Superintelligence and Leverage's plan are good examples of what a plan should look like. An initial plan to personally act on the secret you discovered, however, will justifiably be simpler. We will return to that on the next post, for now, here is a template of a plan without content so you can use it for your own EA plan. Freemind has faster commands, Mindmup has more visual variety.
If anyone solved the problem of copying texts from google docs to here without losing some spaces, bold and italics when you clean it let me know
Thanks Ryan Carey for careful commenting and editing, Oliver and Nate for increasing the urges and urgency.
I found this post interesting but ultimately a bit confusing. You claim that having a plan is very important, and point to people with plans, but I don't see real arguments for why it's good to have a plan, or a discussion of the upsides and downsides.
I wonder if you could clarify your view on some of these points?
I'll clarify some more on upsides and downsides on the next post.
Here I intended to show the need by induction, that is, by showing many examples of people with plans who created interesting features of the movement, and let those who agree there is causation involved follow through. That is why the second section starts with a conditional "If". Only if you accept the stories as good evidence for points 1 and 2 you'd be urged to make plans.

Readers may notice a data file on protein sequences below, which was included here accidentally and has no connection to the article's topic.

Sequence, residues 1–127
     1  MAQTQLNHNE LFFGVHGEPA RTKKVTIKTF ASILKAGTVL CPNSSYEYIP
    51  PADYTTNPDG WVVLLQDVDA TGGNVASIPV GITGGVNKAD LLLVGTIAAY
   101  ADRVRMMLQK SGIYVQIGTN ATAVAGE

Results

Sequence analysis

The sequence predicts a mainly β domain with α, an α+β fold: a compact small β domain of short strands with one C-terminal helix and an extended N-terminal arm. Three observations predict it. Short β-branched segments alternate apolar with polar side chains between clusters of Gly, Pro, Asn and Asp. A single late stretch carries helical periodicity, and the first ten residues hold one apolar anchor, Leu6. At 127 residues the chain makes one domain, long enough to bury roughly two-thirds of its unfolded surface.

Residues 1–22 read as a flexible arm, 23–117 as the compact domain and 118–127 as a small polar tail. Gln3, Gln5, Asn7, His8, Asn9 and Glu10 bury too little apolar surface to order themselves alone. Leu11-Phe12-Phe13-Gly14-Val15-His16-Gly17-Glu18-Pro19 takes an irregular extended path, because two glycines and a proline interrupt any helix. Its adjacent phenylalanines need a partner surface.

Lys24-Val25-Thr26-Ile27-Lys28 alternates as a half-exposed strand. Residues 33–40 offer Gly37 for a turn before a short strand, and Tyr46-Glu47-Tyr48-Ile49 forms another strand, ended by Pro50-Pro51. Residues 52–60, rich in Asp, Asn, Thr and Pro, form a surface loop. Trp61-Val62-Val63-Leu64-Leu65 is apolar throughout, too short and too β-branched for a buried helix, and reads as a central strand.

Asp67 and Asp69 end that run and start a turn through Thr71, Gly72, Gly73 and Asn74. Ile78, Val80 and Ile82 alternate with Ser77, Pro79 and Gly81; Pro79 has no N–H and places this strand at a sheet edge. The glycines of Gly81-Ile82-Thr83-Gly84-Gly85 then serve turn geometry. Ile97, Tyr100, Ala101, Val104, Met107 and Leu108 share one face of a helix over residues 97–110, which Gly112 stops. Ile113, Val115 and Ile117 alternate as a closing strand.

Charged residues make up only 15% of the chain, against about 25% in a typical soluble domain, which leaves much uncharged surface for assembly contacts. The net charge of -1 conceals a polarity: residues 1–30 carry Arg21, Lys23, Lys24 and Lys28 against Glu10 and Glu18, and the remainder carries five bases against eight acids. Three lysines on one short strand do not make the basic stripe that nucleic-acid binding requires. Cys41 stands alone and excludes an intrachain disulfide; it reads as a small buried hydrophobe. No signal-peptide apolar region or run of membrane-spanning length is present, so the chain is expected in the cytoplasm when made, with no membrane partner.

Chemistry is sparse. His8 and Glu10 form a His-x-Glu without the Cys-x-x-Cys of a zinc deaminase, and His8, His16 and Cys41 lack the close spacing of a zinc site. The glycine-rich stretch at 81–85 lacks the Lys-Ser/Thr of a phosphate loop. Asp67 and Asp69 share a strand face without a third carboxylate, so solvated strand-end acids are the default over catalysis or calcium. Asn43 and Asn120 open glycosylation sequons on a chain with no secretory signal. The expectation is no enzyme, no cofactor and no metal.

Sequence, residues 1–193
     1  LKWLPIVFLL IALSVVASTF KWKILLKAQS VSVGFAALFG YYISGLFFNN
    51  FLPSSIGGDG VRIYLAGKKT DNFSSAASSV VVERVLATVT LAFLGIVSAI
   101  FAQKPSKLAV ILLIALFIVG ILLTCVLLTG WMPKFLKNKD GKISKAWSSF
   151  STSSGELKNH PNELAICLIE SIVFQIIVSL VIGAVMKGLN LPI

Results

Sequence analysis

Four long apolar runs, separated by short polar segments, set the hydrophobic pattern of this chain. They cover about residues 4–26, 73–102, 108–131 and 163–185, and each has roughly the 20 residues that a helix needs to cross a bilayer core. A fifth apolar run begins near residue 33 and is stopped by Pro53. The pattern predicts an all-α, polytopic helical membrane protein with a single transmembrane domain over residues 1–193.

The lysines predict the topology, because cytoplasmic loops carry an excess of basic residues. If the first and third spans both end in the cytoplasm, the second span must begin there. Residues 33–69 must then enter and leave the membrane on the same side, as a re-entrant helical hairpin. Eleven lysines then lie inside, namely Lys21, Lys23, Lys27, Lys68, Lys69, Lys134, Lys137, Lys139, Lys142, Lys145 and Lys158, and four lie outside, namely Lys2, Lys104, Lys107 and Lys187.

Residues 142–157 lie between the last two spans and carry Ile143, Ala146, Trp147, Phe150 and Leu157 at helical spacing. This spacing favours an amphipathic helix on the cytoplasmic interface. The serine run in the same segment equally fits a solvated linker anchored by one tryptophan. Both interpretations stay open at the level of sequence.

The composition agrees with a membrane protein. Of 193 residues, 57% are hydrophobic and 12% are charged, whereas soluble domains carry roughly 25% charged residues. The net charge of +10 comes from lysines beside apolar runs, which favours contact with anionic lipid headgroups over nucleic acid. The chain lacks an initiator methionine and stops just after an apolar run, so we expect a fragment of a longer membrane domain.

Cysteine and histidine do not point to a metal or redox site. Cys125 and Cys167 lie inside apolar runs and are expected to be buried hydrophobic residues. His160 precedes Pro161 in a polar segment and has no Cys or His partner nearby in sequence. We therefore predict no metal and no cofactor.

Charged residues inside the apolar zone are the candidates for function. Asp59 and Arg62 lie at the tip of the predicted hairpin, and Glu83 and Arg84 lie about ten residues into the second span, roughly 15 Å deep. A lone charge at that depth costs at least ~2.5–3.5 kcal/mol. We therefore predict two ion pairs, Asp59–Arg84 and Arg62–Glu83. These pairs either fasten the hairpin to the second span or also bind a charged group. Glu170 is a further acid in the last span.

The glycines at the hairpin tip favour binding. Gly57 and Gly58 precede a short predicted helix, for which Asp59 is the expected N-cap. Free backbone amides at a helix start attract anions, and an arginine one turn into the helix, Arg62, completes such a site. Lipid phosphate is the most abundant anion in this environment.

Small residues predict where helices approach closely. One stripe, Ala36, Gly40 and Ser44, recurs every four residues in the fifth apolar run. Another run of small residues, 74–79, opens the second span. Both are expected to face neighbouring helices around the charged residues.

Seems that you'd prefer a proof by principles or by deduction, which you described as "real arguments". I could indicate books about planning, but I feel that would betray my purpose. Showing examples and providing a template seem to me as real and easy as it gets. Most people are not motivated by abstract convoluted reasons, they are motivated by stories, only once they are motivated it makes sense on a gut level to plan.
I'm curious however about what sort of writing would entice you into making plans? Knowing what makes you tick I can try to cover more territory on the next post, since I don't want to leave behind those whose motivational structure works like yours.
Sorry for the slow reply! I think the change to the name of the post is good.